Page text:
It’s Ramadan, it’s boiling hot and we’ve made it as far as Fes in Morocco. The easiest way to get here from Zanzibar would have been to fly into Europe and then back out again, but that seemed gutless. The hardest way would have been to walk but that, I’m ashamed to say, held even less appeal. So we went on a complicated circle, flying to Cairo via Khartoum, hanging about for six hours before flying to Casablanca and finally jumping on a train. It only took 28 hours.
During the Muslim fast of Ramadan believers are not allowed to eat or drink (not even water) from sunrise to sunset and it lasts for a lunar month. When it occurs during the summer months it’s very hard on the faithful, not just because summer daylight lasts much longer than in winter but the heat (over 40c every day) makes for grumpy and lethargic locals. They meander about in the zombie-like state of the undead or find a bit of shade and sleep. There were times when we thought our guide, Hicham, was going to pass out. The only relief they get is to splash their face with water either from the fountains outside a mosque or from a water bottle fixed with a makeshift nozzle.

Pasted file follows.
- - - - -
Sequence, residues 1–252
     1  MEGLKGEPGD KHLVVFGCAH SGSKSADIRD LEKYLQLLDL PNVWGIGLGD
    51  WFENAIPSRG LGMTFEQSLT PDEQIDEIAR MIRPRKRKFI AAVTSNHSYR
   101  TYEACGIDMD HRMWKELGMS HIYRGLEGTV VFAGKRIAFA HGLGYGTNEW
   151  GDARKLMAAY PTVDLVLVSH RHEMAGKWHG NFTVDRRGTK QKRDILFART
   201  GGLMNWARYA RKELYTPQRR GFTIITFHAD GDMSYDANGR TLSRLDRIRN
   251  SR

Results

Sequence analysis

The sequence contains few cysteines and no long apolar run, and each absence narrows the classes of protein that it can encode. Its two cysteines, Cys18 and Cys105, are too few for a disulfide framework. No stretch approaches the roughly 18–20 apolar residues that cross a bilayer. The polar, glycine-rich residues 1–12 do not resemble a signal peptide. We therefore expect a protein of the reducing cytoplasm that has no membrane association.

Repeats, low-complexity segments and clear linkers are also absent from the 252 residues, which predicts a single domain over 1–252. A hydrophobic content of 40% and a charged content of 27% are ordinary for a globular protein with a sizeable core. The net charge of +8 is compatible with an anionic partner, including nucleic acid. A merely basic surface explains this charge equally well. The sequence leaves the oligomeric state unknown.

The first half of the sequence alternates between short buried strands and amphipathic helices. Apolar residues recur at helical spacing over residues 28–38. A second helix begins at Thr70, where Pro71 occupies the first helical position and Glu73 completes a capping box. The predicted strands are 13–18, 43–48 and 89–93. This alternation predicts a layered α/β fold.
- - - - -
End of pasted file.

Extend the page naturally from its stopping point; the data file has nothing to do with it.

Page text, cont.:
At 7.00pm when a calling Imam announces the end of the day’s fast there is almost a audible sigh of relief as great quantities of non alcoholic drink get consumed as everyone returns to normality. It’s also a time of family gathering as members come together to eat. We were fortunate enough to be invited by Hicham to break the fast with his family evening meal at his mother’s house. We were treated to an enormous spread prepared by his mother and cousin comprising soup, vegetarian tagine, bread, cheese, dried meat, grapes, banana, dates, figs, juice and water. The surprising thing was how little our hosts ate. They said that after 15 days of fasting already, they no longer had much of an appetite.
Fes (or Fez as it is sometimes known – a variation brought about because fes in French means arse), is a fascinating city; as near to the Middle Ages as you can get in a couple of hours by air from Europe. It is not an easy city to get to know as it is made up of an interminable number (40,000 apparently) of twisting narrow alleyways, many of which (9,000) are dead ends. But the persistent explorer will unearth the city’s treasures of historic buildings centred around the famous Qaraouiyine Mosque and some interesting souks.